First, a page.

I haven’t always been good at letting go of work when away from work. In years past, Carolyn would sometimes look at me and say, “You’re here, but you’re not here.” Or, “The lights are on but nobody’s home.”
My body was present but my mind was absent—focused on how to accomplish a goal, how to solve a problem, on a difficult situation, or on my next message.
Over the years I’ve learned some techniques for “switching off” and “calling it a day.”
Here are some of the best tips I have found to help relax:
The most helpful exercise refreshes my mind as well as my body. By that I mean some activity that takes my mind off work issues and lets it relax.
My favorite is basketball. It’s hard to play basketball and think about anything else. After basketball, I am physically stretched and mentally rested.
Taking my issues to God in prayer allows me to let go.
Sometimes my prayer degenerates into a “pity party.” But when done right, I place issues in the hands of the Almighty and let Him carry the load.
3. Talking with a friend or family member.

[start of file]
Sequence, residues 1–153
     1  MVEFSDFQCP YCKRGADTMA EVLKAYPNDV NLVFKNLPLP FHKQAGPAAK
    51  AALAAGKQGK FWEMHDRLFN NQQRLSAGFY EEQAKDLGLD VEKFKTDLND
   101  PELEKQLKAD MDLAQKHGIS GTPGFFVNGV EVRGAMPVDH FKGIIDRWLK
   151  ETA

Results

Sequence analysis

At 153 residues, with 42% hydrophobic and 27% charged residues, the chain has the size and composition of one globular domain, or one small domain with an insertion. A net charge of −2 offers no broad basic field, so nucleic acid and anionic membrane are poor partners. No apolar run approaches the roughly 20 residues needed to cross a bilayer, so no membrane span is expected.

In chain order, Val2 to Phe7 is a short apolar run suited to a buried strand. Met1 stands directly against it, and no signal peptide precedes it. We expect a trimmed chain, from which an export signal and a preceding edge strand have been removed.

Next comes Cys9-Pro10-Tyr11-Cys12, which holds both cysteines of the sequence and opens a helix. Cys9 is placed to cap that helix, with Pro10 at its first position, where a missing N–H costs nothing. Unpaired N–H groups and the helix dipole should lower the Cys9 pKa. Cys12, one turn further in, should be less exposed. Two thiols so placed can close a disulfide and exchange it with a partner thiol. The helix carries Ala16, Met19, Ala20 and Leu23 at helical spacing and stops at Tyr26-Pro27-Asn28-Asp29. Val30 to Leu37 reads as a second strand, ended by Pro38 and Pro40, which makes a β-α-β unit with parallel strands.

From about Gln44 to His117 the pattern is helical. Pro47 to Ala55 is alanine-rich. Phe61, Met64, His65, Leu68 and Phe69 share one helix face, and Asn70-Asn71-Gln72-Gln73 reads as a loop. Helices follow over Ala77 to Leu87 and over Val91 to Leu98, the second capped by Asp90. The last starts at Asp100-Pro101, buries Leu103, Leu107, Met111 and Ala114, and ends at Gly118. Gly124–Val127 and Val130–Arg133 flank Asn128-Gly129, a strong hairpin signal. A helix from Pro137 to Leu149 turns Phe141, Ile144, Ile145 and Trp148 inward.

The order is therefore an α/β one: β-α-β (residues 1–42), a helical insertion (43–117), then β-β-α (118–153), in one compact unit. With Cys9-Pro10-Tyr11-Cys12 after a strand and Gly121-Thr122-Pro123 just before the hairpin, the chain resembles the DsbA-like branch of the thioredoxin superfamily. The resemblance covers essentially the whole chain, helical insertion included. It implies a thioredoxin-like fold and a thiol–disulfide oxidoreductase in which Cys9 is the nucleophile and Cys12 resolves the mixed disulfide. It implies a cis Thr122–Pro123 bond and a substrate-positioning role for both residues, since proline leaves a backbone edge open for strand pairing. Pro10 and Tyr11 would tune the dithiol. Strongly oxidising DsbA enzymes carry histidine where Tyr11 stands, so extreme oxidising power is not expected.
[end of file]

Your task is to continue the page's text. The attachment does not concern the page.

This quote says it well: “Sorrow shared is half the sorrow; joy shared is twice the joy.”
My Accountability Partner Jim is a great listener, sounding board and prayer partner. My wife Carolyn and I love to walk and talk to unload and decompress. We share and pray together about our concerns and blessings.
4. Resolving conflict.
Unresolved conflict eats at me. Some can live with unresolved conflicts. Others, like me, find that very difficult. I go over and over it in my mind.
So, for shutting down, it is much better to resolve conflict as quickly as possible.
5. Deciding to “switch off” work and refocus.
Sometimes I just have to discipline myself not to think about work any longer. After that decision, when my mind drifts back toward it, I refocus on another arena.
6. Remembering God is in control.
One of the greatest blessings of being a Christian is knowing that God is in control in even the most difficult situations.
I don’t like suffering. But I thank God in every difficult situation, knowing that “all things work together for good to them that love God” (Romans 8:28).